Soil nailing is a ground stabilization technique that can be used on either natural or excavated slopes. It involves drilling holes for steel bars to be inserted into a slope face which are then grouted in place. Mesh or shotcrete is attached to the bar ends to hold the slope face in position.
Soil nailing is commonly used as a remedial measure to stabilize steep sloping embankments. Other applications for soil nailing include:
Temporary excavation shoring
Under bridge abutments
Repair and reconstruction of existing retaining structures
Steep cut stabilization
Long term stabilization to existing structures without the need for demolition
The main considerations for deciding whether soil nailing will be appropriate include; the ground conditions, the suitability of other systems to perform the same task (ground anchors), geosynthetic materials, and finally cost.
Soils which are particularly suited to soil nailing include clays, clayey silts, silty clays, sandy clays, sandy silts, sand, and gravels. Soil nailing can be used on weathered rock as long as the weathering is even throughout the rock.
Soils which are not well-suited to soil nailing include those with a high groundwater table, cohesion-less soils, soft fine-grained soils, loose granular soils, and ground exposed to repeated freeze-thaw action.
Some of the advantages of using soil nailing include:
They are good for confined spaces with restricted access
There is less environmental impact
They are relatively quick and easy to install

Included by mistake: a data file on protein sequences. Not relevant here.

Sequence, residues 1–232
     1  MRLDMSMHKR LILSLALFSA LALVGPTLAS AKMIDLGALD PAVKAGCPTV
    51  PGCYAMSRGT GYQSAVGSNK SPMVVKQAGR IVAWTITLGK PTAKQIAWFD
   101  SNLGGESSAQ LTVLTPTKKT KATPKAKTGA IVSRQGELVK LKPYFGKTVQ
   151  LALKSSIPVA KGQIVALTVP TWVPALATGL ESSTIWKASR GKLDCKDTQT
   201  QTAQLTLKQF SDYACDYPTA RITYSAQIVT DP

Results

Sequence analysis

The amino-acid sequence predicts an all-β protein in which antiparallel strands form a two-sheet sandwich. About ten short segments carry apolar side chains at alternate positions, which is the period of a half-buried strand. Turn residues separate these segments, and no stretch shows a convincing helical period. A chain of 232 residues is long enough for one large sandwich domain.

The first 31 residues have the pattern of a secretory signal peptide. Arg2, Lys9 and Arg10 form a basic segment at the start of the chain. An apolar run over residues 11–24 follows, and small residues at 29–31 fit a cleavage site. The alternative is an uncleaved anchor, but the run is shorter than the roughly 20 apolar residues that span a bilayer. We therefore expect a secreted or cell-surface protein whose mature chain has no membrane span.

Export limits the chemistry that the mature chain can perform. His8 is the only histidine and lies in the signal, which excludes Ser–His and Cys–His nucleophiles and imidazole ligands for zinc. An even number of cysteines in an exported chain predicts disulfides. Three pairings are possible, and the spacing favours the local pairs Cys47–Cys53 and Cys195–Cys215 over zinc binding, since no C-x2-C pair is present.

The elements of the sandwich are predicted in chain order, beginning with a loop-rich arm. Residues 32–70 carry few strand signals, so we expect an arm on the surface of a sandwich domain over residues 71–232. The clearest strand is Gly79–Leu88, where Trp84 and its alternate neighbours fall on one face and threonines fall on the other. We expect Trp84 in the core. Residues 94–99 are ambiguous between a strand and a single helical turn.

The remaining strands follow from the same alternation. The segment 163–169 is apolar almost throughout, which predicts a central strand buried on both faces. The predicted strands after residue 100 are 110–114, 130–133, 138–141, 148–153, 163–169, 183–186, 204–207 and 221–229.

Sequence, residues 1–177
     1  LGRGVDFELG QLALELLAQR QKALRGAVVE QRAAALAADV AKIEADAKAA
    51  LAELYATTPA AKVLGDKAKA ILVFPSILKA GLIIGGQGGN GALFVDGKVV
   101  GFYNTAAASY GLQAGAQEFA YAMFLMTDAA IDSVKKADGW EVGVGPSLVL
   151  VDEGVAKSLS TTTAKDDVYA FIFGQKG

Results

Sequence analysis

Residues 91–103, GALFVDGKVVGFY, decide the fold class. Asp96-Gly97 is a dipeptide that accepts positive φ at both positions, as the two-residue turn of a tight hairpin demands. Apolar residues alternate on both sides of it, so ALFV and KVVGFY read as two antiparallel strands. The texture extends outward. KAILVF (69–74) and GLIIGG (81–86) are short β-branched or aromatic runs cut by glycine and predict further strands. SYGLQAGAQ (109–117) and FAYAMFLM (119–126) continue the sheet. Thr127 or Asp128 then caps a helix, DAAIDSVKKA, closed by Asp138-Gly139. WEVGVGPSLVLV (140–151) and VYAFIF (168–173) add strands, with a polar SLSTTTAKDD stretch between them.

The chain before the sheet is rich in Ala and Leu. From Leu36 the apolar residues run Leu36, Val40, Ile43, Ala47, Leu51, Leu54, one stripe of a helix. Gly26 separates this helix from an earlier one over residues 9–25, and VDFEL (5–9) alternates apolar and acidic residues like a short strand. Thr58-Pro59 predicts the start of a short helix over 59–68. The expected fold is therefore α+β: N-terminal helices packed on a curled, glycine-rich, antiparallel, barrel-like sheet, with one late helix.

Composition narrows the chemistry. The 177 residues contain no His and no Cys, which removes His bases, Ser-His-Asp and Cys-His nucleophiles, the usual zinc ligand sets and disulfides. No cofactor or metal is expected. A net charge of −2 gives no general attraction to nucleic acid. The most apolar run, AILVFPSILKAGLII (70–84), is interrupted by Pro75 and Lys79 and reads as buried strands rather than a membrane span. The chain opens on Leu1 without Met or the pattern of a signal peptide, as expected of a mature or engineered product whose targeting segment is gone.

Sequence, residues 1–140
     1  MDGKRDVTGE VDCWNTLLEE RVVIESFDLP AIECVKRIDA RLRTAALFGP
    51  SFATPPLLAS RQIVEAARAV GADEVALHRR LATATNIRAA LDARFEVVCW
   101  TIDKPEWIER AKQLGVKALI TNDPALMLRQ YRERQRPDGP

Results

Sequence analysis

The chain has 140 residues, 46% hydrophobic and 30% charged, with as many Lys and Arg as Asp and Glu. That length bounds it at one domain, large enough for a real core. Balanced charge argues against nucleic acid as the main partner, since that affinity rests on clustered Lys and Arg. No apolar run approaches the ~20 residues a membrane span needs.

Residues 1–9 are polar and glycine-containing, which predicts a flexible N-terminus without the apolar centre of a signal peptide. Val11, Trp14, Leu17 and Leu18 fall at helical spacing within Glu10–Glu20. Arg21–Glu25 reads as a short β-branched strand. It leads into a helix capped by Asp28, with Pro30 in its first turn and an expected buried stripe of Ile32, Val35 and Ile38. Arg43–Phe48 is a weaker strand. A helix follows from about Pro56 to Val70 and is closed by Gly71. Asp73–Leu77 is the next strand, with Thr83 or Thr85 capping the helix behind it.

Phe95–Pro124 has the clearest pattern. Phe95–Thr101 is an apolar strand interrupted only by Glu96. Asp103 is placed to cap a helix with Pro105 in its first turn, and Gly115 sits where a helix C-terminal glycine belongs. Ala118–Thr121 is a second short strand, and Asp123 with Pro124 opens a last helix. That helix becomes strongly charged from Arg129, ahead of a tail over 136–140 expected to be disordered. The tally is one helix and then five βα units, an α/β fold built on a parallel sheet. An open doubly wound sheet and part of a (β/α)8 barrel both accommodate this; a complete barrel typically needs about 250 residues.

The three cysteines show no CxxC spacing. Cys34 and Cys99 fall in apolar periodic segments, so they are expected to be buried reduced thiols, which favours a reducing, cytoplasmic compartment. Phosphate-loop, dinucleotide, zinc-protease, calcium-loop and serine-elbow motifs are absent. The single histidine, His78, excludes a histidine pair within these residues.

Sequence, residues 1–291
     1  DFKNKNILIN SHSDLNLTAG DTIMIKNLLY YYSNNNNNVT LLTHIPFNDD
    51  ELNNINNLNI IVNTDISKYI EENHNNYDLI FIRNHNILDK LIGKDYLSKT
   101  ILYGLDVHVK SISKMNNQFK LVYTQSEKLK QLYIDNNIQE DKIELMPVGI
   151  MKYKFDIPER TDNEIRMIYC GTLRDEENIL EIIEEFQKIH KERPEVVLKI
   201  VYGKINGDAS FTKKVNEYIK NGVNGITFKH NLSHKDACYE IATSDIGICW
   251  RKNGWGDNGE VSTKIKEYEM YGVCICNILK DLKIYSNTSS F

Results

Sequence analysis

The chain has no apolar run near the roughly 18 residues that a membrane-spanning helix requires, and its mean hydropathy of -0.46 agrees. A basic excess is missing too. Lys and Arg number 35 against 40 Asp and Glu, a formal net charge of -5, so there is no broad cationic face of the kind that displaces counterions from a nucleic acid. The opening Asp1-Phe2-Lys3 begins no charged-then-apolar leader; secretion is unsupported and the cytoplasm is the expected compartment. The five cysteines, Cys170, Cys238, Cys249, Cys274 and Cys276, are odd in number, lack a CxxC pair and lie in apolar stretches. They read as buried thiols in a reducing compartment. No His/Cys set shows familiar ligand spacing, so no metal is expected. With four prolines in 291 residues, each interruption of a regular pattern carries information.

They use less materials and shoring
They are flexible enough to be used on new construction, temporary structures, or on remodeling processes
The height is not restricted
Limitations of using soil nailing include:
They are not suitable for areas with a high water table
They are not suitable for permanent use in sensitive and expansive soils
Specific contractors are required.
Extensive 3D modelling may be required.
Long-term performance monitoring is typically implemented to collect data to ensure adequate performance and refine future design practices. Parameters to be measured include vertical and horizontal movement of the wall face, local movements or deterioration of facing elements, drainage to the ground, loads, load distribution and load changes in the nails, temperature, and rainfall.
Soil nailing, in many cases, provides a cost-effective solution to steep slope erodibility problems throughout the construction process. It is an often forgotten about remedial practice that is both functional and environmentally friendly. Keep it in the back of your mind as a topic of discussion with your engineer the next time you’re between a rock and a hard place.
Wasn’t George Washington a land surveyor? Yes, he was. There are many people in history who were surveyors who went on to do great things. In fact, Mount Rushmore in South Dakota features the faces of three land surveyors. George Washington, Thomas Jefferson, and Abraham Lincoln were all land surveyors at one time or another. Theodore Roosevelt is the only non-surveyor on that mountain. I don’t know how he got on there …
I want to put a fence up around my property. Should I get a boundary survey? Yes, you absolutely should have a boundary survey done of your property to ensure that your fence does not encroach onto your neighbors’ properties.
What is involved in performing a boundary survey? There are several steps involved in properly performing a land boundary survey: First, we go to the Recorder of Deeds Office in your county and get a copy of the deed for your property as well as the deeds for all of the properties that surround yours. If those deeds mention any subdivision plans, we retrieve a copy of those plans as well. Second, we enter the descriptions of those properties into our Computer Aided Drafting (CAD) software and piece them together like a giant, mathematical, jig-saw puzzle. Third, we send a crew to your property to look for and recover any existing property markers in your neighborhood. Once the crew has found sufficient evidence of where the property lines are, they will set any missing corner markers on your property and set stakes along the lines for your fence to follow.